Huge amounts of data are stolen from cyberspace each day, with the majority of attacks linked to identity theft. Japanese researchers have found yet another breach: cyber attackers are able to recreate fingerprints captured in a digital photograph. So maybe to don’t throw your peace sign at the camera too often.Mind your #peacesign #selfies as attackers can steal your #fingerprints.Click To Tweet
A Selfie is Enough to Usurp Your Fingerprints, Identity
The cameras of smartphones are more and more powerful, and the selfies have never been so sharp. Better quality photos now threaten data security, as fingerprints captured in good lighting by digital cameras are fair game for a would-be thief.
According to researchers at Japan’s National Institute of Informatics (NII), a selfie taken while throwing the “peace” sign leaves your identity vulnerable. However, Professor Isao Echizu and his team said that the risk is only present when the finger pads are clearly visible and within three meters of the camera.
The peace sign is extremely popular in Japan. The researchers warned the population and proposed a solution that would be ready within two years. A transparent film containing titanium oxide would cover the fingerprints to prevent identity theft yet still allow them to be used for proof of identity.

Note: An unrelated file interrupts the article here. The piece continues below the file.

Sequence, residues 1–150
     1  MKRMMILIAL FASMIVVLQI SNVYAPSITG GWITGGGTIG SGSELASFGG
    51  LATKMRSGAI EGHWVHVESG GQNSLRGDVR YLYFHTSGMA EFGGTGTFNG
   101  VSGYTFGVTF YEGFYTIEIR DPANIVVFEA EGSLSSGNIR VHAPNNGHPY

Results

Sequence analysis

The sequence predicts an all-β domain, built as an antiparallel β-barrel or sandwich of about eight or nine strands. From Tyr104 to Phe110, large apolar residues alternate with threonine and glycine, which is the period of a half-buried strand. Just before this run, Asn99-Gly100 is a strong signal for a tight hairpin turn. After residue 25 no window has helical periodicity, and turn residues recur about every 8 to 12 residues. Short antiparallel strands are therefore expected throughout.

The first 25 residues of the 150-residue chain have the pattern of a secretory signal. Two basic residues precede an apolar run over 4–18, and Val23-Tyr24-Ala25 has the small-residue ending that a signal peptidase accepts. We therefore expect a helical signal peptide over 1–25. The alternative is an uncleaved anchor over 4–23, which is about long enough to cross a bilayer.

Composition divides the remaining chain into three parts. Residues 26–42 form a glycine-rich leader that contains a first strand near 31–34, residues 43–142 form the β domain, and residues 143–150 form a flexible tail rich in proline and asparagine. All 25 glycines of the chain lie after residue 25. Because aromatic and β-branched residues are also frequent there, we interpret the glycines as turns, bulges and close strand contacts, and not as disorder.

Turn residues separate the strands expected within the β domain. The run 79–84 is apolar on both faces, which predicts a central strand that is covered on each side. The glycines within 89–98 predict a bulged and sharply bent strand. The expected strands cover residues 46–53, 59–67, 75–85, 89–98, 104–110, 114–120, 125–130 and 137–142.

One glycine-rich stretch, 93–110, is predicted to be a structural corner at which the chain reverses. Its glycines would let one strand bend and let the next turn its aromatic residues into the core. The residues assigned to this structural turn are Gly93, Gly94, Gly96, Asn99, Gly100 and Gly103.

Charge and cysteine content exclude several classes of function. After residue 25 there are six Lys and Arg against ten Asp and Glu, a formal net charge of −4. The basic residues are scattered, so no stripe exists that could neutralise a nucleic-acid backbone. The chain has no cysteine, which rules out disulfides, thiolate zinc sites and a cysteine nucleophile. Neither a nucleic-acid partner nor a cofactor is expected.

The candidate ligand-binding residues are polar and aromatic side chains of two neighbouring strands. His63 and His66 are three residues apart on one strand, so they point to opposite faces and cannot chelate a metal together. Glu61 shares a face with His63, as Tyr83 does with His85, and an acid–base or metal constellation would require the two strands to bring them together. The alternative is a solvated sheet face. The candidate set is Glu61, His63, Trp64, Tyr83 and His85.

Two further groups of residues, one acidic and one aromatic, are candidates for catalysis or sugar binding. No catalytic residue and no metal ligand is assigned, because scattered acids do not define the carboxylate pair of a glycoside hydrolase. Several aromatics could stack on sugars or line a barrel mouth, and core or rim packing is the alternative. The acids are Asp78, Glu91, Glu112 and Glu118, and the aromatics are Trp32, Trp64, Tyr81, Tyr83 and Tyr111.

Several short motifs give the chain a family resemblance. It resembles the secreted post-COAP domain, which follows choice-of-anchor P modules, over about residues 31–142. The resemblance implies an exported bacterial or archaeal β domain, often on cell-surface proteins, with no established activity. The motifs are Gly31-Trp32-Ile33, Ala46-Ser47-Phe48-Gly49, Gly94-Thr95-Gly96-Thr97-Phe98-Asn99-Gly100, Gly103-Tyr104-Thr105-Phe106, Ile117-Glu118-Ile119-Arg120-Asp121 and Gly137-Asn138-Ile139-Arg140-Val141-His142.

Biometrics for Identification Purposes: a Long History
Midway through the 19th century, William James Herschel, a British officer, had the idea of having his subcontractors “sign” contracts with their fingerprints. Biometrics has grown since then.
The use of biometrics has made a boom in recent years. What was reserved for sensitive, often military, uses has now become widely available to the public. Retinal recognition and high-resolution fingerprint sensors are good examples.
Manufacturers of smartphones and other tech devices are looking for an alternative to passwords. Apple, Samsung, HTC have been integrating a fingerprint reader for years, offering consumers a simple and effective way to unlock their devices without having to enter a password. The system also allows identification to make purchases online or to access a secure account.
However, IT security experts believe that current fingerprint systems are easily bested. For example, in 2014, hackers were able to reproduce fingerprints from a photograph of a German politician to unlock his smartphone. In their 2016 Identity Fraud report, Javelin Strategy & Research said that 13.1 million U.S. consumers lost $15 billion to fraud in 2015 alone, and about $112 billion in the past six years.